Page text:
The Artificial Intelligentsia | Aaron Timms


14 bookmarks. First posted by david.nguyen 6 weeks ago.


My life and times as an acolyte in the mystical cult of predictive data.
data  monitoring  prediction  context  fraud  intelligence  analysis  mentions  web  harvesting  collection 
4 days ago by markhgn
The Artificial Intelligentsia | Aaron Timms via Instapaper https://ift.tt/2DbmohF
Instapaper 
7 days ago by alexrudy
"The story of Silicon Valley is as much about donkeys as unicorns, entrepretendeurs as entrepreneurs. Like all good stories, this story has the capacity to surprise. Many of the tech industry’s most memorable flops were at one point seen as great successes."

So when the great and the good give their recipes for success, think 'survivor bias'

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7 days ago by keithpeter
“Sandhogs,” they called the laborers who built the tunnels leading into New York’s Penn Station at the beginning of the last century. Work distorted their…
24 days ago by jkleske
After a year in the company I discovered, to my horror, that I had begun to think about politics and policy almost exclusively in this bizarre, engineer-created jargon. “A spike in the sector rollup suggests heightened political risk over the coming two weeks, though judging by the relatively muted activity in the microeconomic subsector signal, it’s unlikely economic policy will be a driver”—that kind of thing. Just as the laborers working on Penn Station succumbed to a physical distortion at the end of each day—the bends—I began to feel the effects of a mental distortion: the delusion that says, yes, this is an acceptable way to analyze and think about politics. Inexorably, I was turning into a sandhog. Contact with technology was stripping away my creativity, my capacity for independent reason. I was becoming less, not more, capable. I was becoming less human. With time I understood that the point of the company was not to train and optimize the algorithm on human modes of thinking. It was not to humanize the machine, as the classical vision of strong AI would have it. Rather, it was to mechanize the human—to make the human learn to be more like the machine, a rigid taskmaster stripped of initiative and organic thought.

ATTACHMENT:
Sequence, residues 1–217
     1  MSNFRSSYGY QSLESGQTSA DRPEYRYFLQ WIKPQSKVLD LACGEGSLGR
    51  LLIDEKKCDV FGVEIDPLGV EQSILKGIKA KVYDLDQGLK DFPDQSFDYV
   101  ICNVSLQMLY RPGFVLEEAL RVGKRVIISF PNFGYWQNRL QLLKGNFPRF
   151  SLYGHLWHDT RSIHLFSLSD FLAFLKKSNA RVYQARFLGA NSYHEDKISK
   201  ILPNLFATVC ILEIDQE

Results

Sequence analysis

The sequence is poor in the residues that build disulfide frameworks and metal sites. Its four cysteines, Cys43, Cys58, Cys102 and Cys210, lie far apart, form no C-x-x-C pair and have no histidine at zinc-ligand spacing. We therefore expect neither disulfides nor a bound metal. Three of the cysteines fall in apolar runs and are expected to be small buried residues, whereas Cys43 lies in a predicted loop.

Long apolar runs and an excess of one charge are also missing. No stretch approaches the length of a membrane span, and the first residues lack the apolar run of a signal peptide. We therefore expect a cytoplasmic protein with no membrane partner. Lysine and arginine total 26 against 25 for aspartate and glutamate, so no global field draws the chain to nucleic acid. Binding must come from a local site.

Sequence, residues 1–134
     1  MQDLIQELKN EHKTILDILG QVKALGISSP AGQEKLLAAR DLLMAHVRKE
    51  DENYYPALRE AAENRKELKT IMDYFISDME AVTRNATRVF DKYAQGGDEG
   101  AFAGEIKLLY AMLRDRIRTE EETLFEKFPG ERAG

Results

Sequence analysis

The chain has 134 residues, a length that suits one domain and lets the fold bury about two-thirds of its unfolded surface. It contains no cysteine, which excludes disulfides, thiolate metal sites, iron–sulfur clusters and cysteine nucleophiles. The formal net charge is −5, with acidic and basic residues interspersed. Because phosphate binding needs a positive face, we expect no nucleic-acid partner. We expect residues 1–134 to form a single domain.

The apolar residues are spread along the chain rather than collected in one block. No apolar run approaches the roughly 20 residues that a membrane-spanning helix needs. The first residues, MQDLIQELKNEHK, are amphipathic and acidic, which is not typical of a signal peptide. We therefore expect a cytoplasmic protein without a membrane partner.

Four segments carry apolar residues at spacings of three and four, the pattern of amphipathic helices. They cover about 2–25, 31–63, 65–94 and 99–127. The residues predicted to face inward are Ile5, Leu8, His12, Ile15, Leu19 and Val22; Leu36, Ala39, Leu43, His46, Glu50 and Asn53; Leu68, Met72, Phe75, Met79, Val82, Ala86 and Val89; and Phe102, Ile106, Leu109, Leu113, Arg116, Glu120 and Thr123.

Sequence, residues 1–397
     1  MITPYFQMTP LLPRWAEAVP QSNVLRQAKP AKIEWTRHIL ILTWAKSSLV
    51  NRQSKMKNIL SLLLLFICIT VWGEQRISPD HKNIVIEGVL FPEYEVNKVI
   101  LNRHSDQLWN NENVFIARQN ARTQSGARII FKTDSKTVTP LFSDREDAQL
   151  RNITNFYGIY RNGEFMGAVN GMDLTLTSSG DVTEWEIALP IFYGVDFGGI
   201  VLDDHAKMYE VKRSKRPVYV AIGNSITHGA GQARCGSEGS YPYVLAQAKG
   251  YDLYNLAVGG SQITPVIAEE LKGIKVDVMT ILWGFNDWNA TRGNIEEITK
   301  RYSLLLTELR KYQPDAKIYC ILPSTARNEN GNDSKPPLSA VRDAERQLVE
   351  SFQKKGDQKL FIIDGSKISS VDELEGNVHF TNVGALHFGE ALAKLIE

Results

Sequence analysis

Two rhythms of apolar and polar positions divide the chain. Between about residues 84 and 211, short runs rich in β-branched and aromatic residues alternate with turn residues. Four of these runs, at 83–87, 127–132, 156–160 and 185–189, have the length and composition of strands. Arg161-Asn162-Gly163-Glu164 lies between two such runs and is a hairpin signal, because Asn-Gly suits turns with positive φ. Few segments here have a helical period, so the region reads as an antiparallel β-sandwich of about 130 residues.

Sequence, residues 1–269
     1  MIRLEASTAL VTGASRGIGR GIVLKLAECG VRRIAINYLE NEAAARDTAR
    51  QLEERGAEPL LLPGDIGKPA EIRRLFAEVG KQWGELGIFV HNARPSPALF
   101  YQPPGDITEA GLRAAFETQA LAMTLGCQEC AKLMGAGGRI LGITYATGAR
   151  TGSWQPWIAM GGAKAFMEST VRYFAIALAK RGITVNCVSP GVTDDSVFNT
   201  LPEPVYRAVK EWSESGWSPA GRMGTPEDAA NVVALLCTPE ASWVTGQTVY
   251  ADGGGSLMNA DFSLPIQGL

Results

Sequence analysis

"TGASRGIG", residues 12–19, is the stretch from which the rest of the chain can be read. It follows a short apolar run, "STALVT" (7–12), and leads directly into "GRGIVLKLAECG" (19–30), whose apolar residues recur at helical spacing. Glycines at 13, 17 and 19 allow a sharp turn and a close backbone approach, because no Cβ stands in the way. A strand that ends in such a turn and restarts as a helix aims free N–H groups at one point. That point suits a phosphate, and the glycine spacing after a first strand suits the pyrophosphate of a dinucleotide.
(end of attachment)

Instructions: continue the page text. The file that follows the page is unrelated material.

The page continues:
4 weeks ago by Vaguery
“Sandhogs,” they called the laborers who built the tunnels leading into New York’s Penn Station at the beginning of the last century. Work distorted their…
from instapaper
5 weeks ago by rybesh
Inside the AI startup founded on a brilliant idea, with only one flaw — it didn’t work. A m…
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6 weeks ago by mikelynch
This by is already one of the articles of the year.
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6 weeks ago by david.nguyen